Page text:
Will you please to write to Uncle Frederick Wickam about my going there in the Easter Holidays. I hope Mattie is not taught to blow her nose in her pocket. We have a great deal of exercise. I have been out in the boat twice. I have been on board the Royal Yacht, there are such beautiful apartments for the Royal Party. Prince Alfred has a house along the sea-shore, we pass it sometimes when we go out a walk here. I saw him the other day. He is going up for his exam for the Navy in June. I have not been out by myself yet.

I hope the girls’ colds are better. When is Uncle Acton coming? I am looking forward to it.

I went out the other day with a boy whose brother came to take him out. When we were out a walk the other day we passed one of the forts along the shore. I, and some of the boys, thought we would go in the barrack yd. We had scarcely got in but we heard a man shouting to us to be off. We thought we would have a spree first so we unhooked the drawbridge and then made off as hard as we could round the ramparts: the soldiers climbed down and (?) with a sergeant at their head came single file double quick after us after rushing about for ever so long looking our way. We found our way the sea shore to the great disappointment of the sodgers. We then after half a mile (run?) rejoined the main body. We have had very cold weather.

Pegtops are all the rage. We don't have (?) ones though: we pay about 8d for ours - they are made of polished box and cherrywood (?).

Yr very affec son,
A Chaplin

[Letter from Nugent Chaplin to his mother, 1882]

M Hampton
Sunday July 2nd 1882, 8pm


Dear Mama

I have just come back from Dursley, about an hour or two ago. I went with Charlie. I wrote to Irene this morning, from Dursley. Unky has got two little pigs which he bought only a few days ago. On our way to Dursley on Saturday we had a thunderstorm; when we were about a mile from Dursley it began to rain a little, we then walked a little faster, but when we got within a quarter of a mile of Dursley it began to thunder and lightning, and to rain very hard, so we sheltered under a sort of gate for about 20 minutes, until the rain abated a little, then we ran to Unky's as hard as we could.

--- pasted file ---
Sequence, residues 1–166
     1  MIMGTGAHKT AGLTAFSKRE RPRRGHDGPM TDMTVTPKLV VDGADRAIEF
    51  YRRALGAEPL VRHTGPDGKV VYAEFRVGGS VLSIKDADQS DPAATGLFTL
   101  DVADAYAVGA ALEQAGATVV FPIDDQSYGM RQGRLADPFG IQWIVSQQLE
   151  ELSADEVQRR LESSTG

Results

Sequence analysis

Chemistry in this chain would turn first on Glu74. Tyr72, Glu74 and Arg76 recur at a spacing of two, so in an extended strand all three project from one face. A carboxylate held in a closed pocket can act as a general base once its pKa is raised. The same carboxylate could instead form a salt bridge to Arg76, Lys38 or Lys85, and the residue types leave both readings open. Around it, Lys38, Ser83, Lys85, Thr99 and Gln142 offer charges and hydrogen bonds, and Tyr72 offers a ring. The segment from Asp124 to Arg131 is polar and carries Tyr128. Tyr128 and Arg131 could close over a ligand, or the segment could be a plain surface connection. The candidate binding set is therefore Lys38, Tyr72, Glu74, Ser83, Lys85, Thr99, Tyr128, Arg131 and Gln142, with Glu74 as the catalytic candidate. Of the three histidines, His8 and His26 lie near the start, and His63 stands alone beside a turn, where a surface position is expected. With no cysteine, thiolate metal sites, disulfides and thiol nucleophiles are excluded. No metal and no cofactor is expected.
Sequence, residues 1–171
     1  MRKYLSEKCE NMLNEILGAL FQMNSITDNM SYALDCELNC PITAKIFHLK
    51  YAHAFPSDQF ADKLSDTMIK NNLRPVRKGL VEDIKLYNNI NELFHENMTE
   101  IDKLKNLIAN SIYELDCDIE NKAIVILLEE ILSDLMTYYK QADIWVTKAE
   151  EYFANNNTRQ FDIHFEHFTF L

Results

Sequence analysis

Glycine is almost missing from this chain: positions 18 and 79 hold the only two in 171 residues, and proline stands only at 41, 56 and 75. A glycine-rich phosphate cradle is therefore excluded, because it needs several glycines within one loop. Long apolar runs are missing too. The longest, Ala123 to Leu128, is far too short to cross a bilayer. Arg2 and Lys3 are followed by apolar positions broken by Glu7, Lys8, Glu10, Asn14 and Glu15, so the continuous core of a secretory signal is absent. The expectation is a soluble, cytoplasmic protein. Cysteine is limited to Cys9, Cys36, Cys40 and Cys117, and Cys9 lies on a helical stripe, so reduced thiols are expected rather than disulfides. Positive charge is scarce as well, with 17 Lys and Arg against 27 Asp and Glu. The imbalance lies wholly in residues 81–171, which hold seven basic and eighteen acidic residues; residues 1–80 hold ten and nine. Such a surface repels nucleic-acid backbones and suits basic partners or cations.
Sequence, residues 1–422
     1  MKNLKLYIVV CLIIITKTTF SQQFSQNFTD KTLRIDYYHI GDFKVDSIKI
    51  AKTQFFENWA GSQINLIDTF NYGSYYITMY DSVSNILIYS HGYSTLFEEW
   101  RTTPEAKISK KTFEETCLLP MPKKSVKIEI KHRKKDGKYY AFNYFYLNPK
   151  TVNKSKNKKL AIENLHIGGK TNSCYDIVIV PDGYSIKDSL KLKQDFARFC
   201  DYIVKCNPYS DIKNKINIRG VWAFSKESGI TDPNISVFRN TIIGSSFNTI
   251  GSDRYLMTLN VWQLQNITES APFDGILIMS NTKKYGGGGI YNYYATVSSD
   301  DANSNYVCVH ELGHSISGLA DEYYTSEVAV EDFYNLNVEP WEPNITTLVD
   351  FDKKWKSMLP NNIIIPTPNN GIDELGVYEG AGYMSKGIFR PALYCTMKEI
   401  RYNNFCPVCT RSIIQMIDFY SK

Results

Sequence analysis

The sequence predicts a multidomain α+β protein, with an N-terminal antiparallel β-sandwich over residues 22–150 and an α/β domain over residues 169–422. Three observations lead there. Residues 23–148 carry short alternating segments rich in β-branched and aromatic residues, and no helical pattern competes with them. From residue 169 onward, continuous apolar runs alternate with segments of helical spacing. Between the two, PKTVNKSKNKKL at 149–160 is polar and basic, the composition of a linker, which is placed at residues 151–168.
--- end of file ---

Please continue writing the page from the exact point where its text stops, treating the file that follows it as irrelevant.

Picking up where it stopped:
I slept in the same room (ie the Pink Room) as before. Ernest, the boy, who had the rabbit, is still there; I do not know if he has still got his rabbit. On Friday I went to a sort of Tea Party; Mrs Fitz-Arthur Playne was the hostess; it was a very juvenile thing; I was amongst the eldest. We had a very nice tea; we then went and played in the hay. I went with C. Henvey.

Give love to Phyllis and Theod.

Your loving son
A N Chaplin

[From Nugent Chaplin, no date or address]

Dear Mama,

This is a very goergeus sheet of paper for my last one this term, I am very sorry that I have broken the wing of the butterfly. The train arrives at Victoria at 11am.

I hope you will enjoy Bank holiday (which is on Monday). I am so glad that we are coming home on Tuesday instead of Friday. I can swim very decently now and I expect I shall frequent the Paddington Baths very often, I can swim on my back and side and dog paddle and of course I can do the breast stroke, that is why I want to go to Nairn because I know of the nice baths there and Irene could complet her swimming. I suppose Phyllis and Thod are not quite old enough to begin.